Coach Gregg Popovich Calls Team USA Criticism 'Immature' and 'Arrogant'

Coach Gregg Popovich won't allow critics to make him feel bad about his team's performance.

Head Coach Gregg Popovich of the USA

Image via Getty/DI YIN

Head Coach Gregg Popovich of the USA

After a summer of injuries and elite players outright saying no to joining, Team USA was still expected to be a top contender in the FIBA World Cup. They weren't and instead ended up at an un-American seventh. USA Coach Gregg Popovich isn't going to let critics have at his team, though.

"Some people want to play the blame game. There's no blame to be placed anywhere," Popovich told ESPN. "They want to play the shame game, like we should be ashamed because we didn't win a gold medal? That's a ridiculous attitude. It's immature, it's arrogant, and it shows that whoever thinks that doesn't respect all the other teams in the world and doesn't respect that these guys did the best they could."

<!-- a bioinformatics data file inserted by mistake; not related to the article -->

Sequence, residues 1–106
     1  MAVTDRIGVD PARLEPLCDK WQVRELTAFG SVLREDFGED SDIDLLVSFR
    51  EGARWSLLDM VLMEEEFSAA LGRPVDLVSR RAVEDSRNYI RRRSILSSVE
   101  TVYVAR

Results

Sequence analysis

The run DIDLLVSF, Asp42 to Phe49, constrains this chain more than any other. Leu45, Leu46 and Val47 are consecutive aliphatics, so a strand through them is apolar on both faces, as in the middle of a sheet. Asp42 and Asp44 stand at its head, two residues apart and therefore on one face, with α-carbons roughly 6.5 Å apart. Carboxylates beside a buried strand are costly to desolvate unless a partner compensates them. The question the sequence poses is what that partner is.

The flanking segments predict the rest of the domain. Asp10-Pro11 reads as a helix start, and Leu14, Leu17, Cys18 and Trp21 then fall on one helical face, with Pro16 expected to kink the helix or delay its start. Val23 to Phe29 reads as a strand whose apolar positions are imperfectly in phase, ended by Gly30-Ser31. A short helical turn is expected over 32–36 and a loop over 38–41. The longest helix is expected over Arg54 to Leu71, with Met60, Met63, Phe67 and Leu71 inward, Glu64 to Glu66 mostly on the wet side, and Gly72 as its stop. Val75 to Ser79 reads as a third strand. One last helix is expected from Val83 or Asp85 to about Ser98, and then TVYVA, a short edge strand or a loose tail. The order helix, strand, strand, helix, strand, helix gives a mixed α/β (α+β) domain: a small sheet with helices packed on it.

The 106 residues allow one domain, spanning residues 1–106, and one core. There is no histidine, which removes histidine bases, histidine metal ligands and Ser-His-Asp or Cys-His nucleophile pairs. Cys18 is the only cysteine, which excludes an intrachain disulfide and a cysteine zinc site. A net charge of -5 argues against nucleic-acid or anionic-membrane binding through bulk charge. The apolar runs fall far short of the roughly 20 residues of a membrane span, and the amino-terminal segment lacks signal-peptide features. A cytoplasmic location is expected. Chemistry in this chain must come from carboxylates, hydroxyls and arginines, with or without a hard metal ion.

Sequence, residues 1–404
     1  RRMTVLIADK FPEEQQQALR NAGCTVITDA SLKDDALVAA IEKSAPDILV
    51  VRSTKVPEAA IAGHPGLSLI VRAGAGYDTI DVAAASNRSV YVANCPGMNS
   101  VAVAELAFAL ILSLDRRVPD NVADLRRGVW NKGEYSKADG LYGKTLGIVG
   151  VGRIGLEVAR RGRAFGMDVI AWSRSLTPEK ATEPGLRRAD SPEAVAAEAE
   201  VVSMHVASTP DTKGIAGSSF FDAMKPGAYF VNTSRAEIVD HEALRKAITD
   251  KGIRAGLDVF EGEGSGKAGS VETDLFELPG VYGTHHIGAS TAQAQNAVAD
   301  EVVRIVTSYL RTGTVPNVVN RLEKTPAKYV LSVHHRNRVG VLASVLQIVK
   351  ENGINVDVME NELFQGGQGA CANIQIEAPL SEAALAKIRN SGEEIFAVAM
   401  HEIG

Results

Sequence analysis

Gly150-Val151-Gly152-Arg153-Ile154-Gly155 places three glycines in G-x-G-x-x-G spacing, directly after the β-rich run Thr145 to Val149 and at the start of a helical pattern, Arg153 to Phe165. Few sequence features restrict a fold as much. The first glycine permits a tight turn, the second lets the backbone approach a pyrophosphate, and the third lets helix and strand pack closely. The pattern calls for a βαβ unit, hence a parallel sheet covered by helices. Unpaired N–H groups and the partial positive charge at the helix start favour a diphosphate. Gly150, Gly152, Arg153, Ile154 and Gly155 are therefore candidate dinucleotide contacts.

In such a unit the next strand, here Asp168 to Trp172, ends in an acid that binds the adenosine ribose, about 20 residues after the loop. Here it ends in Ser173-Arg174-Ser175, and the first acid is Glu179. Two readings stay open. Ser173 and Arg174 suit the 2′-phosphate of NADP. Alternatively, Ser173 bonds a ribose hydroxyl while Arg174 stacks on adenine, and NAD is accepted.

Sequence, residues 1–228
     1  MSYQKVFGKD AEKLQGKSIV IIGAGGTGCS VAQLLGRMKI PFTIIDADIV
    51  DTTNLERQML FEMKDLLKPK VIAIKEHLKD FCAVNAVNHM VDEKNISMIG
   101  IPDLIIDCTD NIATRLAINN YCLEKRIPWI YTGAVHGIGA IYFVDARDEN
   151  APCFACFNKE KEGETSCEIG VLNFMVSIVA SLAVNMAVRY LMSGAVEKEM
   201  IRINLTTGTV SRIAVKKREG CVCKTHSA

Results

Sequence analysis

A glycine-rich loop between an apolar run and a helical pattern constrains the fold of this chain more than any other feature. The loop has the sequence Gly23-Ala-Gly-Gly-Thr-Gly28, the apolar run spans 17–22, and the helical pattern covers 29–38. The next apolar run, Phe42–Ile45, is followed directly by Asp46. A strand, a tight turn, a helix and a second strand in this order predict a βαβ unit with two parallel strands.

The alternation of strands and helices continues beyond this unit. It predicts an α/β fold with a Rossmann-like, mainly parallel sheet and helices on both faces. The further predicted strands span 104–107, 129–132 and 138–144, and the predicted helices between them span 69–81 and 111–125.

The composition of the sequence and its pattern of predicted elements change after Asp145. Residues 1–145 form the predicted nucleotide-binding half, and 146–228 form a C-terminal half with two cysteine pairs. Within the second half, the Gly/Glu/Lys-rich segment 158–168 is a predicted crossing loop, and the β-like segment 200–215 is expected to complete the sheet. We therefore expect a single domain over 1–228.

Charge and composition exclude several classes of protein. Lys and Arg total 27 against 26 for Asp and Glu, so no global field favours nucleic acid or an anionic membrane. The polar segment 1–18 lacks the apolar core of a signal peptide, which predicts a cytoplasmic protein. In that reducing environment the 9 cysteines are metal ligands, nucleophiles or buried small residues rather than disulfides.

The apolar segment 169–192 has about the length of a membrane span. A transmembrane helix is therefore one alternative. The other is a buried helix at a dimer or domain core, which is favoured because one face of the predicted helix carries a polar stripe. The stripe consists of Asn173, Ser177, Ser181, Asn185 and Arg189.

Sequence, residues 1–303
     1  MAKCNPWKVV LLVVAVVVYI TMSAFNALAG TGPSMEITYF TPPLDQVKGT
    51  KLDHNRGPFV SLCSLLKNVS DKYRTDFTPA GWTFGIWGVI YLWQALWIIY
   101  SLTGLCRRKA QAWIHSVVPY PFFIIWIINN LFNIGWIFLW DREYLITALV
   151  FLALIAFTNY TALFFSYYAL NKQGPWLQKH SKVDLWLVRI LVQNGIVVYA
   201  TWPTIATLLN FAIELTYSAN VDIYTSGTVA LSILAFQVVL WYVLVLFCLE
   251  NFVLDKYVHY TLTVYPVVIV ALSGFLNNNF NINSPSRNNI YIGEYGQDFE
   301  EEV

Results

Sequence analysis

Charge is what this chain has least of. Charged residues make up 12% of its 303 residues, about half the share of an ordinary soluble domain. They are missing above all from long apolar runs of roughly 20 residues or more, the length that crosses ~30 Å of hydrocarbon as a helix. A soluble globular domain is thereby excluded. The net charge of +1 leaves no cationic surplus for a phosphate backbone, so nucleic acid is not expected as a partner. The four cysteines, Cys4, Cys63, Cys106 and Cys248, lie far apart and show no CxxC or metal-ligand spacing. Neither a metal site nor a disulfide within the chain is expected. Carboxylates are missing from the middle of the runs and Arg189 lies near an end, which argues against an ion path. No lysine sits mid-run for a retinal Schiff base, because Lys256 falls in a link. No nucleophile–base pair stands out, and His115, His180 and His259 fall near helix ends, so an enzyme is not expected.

With Saturday's victory over Poland, Team USA wrapped up their FIBA appearance in seventh place. This is the worst performance for the national team in any major event. This team was undermanned: Thirty-one of the 35 players who were selected to play on Team USA last summer pulled out before the competition began. A host of the reserve players that were chosen as replacements decided not to compete. Team USA only had nine available players in their 87-74 win over Poland; Boston teammates Kemba Walker and Jayson Tatum were both sidelined with injuries. With misfortunes like these, Pop thinks his team put together a heroic effort with the cards they were dealt.

"Their effort was fantastic. They allowed us to coach them," Pop said. "You give people credit for what they did, and that's it. But it's not a blame and shame game. That's ridiculous."

Team USA will look to regroup as they prepare for the 2020 Olympics in Tokyo.

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